I don’t know if I have mentioned this before, but my 6-year-old daughter Miranda is somewhat of a challenge to raise. She is way too smart and super sweet, but also super stubborn. From what my mom says I was just like her as a child. If this is the case, I think I might be in serious trouble as she gets older!
When it comes to mornings though, Miranda takes after her dad. She does not like to be hurried if she didn’t wake up on her own, which in turn makes getting ready for school a constant battle. Jake and I have been talking to her a lot about self-control and how she can be strong enough to not freak out when there is something that she is not thrilled about doing. So far the progress I see is only in baby steps, but I think we are moving in the right direction.
Friday morning as Miranda was crying and I was brushing her hair, I seriously could hear my mom’s own voice when I found myself saying “no one can make you mad but you”. I then explained how she was able to choose how she could react to any situation and that it would be her choice and no one elses. My mom said that to me about 25 years ago. At that time all it did was make me more mad, but over the years it has stuck with me and I only recently really started heeding that advice.
I can say with a certainty, that things are going to be hard. Sometimes you are going to have to struggle. There will be times when someone says something that offends you. People are going to treat you poorly. You will be judged unfairly. Someone will take advantage of you…
But guess what? You don’t have to freak out. You don’t even have to be offended or snap back. You can go for a run. Scream into a pillow. Cry for a bit (or a few days). But get it all out. The quicker the better. Then, take a deep breath, say a long prayer, (and lots of little silent ones in your head) and then let it go. Forgive, move on and get over it. I know it stings, but you are or can be in control.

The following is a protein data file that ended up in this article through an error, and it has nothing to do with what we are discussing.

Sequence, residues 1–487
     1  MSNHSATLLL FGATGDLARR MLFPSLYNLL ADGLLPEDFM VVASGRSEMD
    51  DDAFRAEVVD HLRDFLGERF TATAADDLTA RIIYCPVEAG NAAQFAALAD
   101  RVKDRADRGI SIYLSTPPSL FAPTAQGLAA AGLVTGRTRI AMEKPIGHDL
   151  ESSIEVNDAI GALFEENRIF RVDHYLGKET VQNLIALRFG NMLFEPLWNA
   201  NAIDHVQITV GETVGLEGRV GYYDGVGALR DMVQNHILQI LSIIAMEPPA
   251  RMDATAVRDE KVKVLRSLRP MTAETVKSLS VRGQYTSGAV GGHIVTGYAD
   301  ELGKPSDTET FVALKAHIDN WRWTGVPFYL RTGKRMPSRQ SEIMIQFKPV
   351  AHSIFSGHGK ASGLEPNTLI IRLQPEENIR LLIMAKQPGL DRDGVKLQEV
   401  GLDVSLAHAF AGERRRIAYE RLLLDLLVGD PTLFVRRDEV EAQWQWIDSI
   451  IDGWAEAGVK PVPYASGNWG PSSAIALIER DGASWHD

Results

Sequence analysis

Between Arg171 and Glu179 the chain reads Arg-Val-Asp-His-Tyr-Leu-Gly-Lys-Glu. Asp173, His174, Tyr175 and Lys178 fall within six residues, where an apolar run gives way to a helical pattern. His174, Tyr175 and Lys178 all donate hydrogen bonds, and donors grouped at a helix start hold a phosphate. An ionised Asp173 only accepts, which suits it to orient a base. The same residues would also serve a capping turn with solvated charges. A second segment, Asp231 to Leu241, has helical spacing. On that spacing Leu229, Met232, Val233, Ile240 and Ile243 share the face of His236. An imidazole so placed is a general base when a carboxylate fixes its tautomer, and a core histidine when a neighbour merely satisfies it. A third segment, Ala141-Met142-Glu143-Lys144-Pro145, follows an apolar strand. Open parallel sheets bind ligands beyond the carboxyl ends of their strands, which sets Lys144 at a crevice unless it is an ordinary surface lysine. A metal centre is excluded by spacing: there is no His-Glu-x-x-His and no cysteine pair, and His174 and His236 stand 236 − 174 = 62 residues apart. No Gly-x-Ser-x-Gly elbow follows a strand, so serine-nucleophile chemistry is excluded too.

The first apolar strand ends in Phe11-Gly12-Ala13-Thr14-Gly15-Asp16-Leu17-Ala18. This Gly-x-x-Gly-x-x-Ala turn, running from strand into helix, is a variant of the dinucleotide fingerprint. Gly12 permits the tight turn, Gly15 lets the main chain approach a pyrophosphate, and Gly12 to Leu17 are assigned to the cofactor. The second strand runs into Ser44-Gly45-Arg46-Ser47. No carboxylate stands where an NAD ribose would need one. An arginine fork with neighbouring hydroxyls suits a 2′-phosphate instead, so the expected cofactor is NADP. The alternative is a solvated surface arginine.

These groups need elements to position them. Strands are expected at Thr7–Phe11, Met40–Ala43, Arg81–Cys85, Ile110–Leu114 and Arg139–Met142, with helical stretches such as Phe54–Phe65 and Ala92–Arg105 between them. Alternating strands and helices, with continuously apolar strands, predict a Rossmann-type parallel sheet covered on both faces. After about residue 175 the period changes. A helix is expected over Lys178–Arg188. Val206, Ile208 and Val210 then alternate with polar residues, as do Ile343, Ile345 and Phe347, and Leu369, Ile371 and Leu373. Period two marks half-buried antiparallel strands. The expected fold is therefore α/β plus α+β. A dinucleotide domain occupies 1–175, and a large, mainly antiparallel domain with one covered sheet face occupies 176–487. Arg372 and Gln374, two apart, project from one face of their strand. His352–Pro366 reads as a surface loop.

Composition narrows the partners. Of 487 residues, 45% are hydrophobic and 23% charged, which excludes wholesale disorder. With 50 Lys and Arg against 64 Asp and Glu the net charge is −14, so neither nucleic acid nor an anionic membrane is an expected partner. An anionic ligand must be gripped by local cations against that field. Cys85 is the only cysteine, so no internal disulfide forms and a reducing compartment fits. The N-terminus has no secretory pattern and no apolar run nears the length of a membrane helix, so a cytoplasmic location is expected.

There is an amazing thing that happens when I don’t freak or lash out at whoever or whatever has wronged me. It’s called nothing. And nothing is a great thing when I think of the drama fest that always occurs when I do the opposite of the advice I just gave. I get so angry that I say things that I end up regretting later, or I let myself get so hurt that my family suffers by having to hang out with a moody mommy. That’s no good for anybody.
This doesn’t mean I don’t have stresses or issues just like everyone else, but if I keep myself in check and recover from setbacks quickly, I can focus on all the wonderful blessings I have received in my life. There is nothing more humbling than to think back on all the times where I have been loved, remembered, helped, thought of, and mostly forgiven despite all of my faults. That, to me, makes it much easier to want to do the same for someone else.
I hope I can teach this to all of my children so that if they are bullied, or teased or struggle with self-esteem that they will be strong enough to get themselves back to their “happy place”. Of course they are going to have struggles too, but I can’t stand to think of any of my kids in pain or unhappy so of course I’ll do whatever I can to guide them.
I know that they will only learn by mine and Jake’s example and that thought makes me want to try even harder for them. It also helps that they are old enough to understand the conversations that they overhear (both good and not so good). I am so far from perfect and many times I want to freak out right along with my kids and it’s all I can do to be calm and breathe and not scream back. I wish I could say that I never have, but let’s just say that I am learning right along with them…